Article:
What are the full limits of confrontation when it comes to scientific and expert testimony.
Federal evidence blog notes:
In denying certiorari review (this week0 in eleven cases raising Confrontation Clause and expert testimony issues, for the foreseeable future the Supreme Court will not resolve a significant issue that has been dividing the lower court; it remains to be seen when the guidance urged by the lower courts will be provided.
They further note that a twelfth case will be considered in June. A Conference is set for June 5, 2014, in the twelfth case: Derr v. Maryland (No. 13-637), which presents the following issue:
Whether the Sixth Amendment permits the State’s expert witness to present to a jury the results of forensic tests that she neither performed nor witnessed as substantive evidence to support her conclusion that Petitioner was the source of DNA evidence, when the State does not call the analysts who performed the tests as witnesses or show that they are unavailable and previously subject to cross-examination.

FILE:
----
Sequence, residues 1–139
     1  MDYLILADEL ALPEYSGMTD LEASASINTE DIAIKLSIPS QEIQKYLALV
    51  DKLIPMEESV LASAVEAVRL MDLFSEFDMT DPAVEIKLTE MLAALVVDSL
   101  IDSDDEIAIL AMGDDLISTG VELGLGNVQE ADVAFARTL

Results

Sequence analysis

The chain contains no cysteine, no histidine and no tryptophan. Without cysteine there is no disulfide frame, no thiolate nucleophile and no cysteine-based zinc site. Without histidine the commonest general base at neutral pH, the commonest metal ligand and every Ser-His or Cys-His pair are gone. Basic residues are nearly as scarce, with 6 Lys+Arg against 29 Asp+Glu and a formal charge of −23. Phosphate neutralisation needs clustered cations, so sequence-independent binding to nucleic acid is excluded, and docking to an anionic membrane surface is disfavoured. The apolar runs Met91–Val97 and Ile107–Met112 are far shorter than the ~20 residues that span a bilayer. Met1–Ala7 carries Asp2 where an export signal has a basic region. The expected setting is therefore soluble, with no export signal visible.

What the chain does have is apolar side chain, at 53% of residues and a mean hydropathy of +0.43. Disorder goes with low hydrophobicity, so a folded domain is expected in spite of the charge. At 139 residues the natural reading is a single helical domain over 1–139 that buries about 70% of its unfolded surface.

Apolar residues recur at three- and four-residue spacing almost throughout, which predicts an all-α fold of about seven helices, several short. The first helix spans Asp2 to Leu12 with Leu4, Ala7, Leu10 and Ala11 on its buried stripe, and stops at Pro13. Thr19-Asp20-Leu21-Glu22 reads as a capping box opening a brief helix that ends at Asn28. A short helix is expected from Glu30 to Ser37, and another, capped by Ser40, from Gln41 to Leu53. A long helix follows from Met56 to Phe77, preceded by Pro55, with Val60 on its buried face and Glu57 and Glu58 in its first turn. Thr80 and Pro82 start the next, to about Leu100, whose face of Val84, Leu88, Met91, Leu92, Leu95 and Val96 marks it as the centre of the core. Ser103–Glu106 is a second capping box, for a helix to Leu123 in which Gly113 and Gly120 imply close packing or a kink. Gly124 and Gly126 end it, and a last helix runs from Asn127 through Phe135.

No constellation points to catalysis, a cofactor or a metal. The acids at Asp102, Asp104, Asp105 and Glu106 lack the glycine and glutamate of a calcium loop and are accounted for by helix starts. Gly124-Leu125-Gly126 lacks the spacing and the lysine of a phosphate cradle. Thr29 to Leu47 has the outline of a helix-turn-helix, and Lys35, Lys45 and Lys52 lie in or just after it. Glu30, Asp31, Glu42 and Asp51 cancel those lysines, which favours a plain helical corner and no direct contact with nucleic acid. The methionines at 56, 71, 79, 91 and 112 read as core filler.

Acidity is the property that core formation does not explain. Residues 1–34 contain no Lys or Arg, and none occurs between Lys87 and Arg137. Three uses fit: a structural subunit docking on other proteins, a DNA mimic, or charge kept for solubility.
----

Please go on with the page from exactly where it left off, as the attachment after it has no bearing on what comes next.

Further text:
As the Petition For A Writ Of Certiorari summarizes:
This case concerns an important question of constitutional law that is frequently litigated in criminal cases: the limits the Confrontation Clause places on the government’s use of an expert opinion that is based on the results of forensic testing that have been made known to the expert but about which the expert is not competent to testify. The Court sought to answer that question in Williams, 567 U.S. __, 132 S. Ct. 2221, but the divided decision has spawned enormous confusion, and deep conflict, in state and lower federal courts. This case provides a proper vehicle for the Court to provide authoritative guidance to the lower courts because the decision in the court below is in conflict with the decisions of at least eleven state supreme courts and three federal courts of appeals.